“I was flying Senator Goldwater back to D.C. from his home state of Arizona. He’d taken with him a man who was the U.S. Navy liaison to the U.S. Senate. It was late at night, and we were about an hour out of Andrews when the Navy guy came up and started chatting with us in the cockpit. He was pretty interesting, being an active-duty Navy captain who had been a former prisoner of war in Vietnam. After the POWs were released, he’d taken a slot as commander of a Naval aviator training unit, so that meant he was no longer rusty as a pilot.
I’m thinking, ‘Hmm. Former (and famous) POW, very interesting and cool guy, fun to talk to, and fairly current as a pilot. Why not offer him my copilot’s seat?’
He accepted, so I sent my copilot back to chat with Goldwater. The Navy guy flew really well and I let him stay even as we started to descend into Andrews. At first, I’m sure we both thought he’d go back after a while and join Goldwater in the back, but he kept doing well and we were both having fun, so I let him stay longer. Soon, it became obvious to us both that I was going to let him take it to the landing, I’m sure we were both a bit surprised.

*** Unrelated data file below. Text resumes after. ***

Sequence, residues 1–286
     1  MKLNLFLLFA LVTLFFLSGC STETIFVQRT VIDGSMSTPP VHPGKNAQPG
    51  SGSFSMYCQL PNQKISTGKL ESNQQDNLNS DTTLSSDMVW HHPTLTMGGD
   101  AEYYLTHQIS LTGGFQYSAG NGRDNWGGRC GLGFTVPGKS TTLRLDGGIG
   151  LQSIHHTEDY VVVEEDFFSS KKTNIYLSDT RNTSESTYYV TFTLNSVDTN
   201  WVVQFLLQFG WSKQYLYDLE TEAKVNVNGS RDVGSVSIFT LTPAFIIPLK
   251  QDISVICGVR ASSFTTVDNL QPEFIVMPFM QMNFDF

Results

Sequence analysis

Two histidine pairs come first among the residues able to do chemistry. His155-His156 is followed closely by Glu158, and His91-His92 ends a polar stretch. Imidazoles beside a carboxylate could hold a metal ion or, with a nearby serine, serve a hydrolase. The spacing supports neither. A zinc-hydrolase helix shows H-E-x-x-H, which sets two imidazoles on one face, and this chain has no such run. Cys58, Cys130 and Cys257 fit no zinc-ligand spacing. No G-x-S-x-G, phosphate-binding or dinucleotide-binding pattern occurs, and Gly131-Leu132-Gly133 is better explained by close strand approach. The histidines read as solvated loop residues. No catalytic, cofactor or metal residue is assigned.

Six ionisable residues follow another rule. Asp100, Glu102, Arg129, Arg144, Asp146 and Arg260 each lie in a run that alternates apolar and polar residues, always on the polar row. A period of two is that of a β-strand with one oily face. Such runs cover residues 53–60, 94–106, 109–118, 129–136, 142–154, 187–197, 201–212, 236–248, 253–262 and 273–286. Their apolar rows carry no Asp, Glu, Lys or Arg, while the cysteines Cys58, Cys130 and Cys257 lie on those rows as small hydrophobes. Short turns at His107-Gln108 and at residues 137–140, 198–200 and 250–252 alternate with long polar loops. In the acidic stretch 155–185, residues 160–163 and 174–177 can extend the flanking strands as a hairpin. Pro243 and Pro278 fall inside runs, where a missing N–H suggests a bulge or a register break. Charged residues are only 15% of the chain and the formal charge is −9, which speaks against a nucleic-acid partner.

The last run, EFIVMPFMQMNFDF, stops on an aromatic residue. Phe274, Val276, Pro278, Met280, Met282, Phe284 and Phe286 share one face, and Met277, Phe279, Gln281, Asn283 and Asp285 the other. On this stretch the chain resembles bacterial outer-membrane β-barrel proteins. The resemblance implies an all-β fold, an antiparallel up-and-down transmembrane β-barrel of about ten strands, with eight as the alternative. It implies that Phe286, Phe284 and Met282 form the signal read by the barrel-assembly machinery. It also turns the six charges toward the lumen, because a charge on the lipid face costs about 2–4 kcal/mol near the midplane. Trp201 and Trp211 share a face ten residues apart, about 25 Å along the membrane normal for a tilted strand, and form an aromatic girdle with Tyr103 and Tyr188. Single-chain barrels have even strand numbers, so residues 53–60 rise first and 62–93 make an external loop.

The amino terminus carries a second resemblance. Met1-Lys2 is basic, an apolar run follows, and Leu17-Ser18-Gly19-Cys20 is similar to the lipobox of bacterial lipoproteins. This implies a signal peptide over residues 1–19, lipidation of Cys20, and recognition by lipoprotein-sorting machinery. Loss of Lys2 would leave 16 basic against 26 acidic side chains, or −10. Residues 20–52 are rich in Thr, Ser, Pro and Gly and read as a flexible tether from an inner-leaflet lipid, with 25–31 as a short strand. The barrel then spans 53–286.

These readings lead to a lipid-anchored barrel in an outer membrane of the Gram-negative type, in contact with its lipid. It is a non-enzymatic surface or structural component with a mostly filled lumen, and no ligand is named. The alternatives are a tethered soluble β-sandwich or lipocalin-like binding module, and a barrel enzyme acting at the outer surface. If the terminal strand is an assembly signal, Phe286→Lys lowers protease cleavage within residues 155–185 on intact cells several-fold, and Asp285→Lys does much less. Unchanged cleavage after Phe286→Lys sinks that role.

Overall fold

He said something about what if he messed up the landing. I said he could explain that to Goldwater! We laughed and he took it on in. He made a nice landing, considering that he was a Navy aviator and not even a real pilot (that’s an old joke, I know, but never call a Navy aviator a pilot—they’re not. We USAF guys can tell because they can’t land at all).
On rollout, Goldwater applauded, which meant he had low standards to be applauding any Navy guy’s landing—just kidding again—and my temporary copilot had a big smile on his face.
It wasn’t until a few years later, however, until I realized exactly how interesting a man I’d been seated next to that night.
It was Goldwater’s future replacement, John McCain.”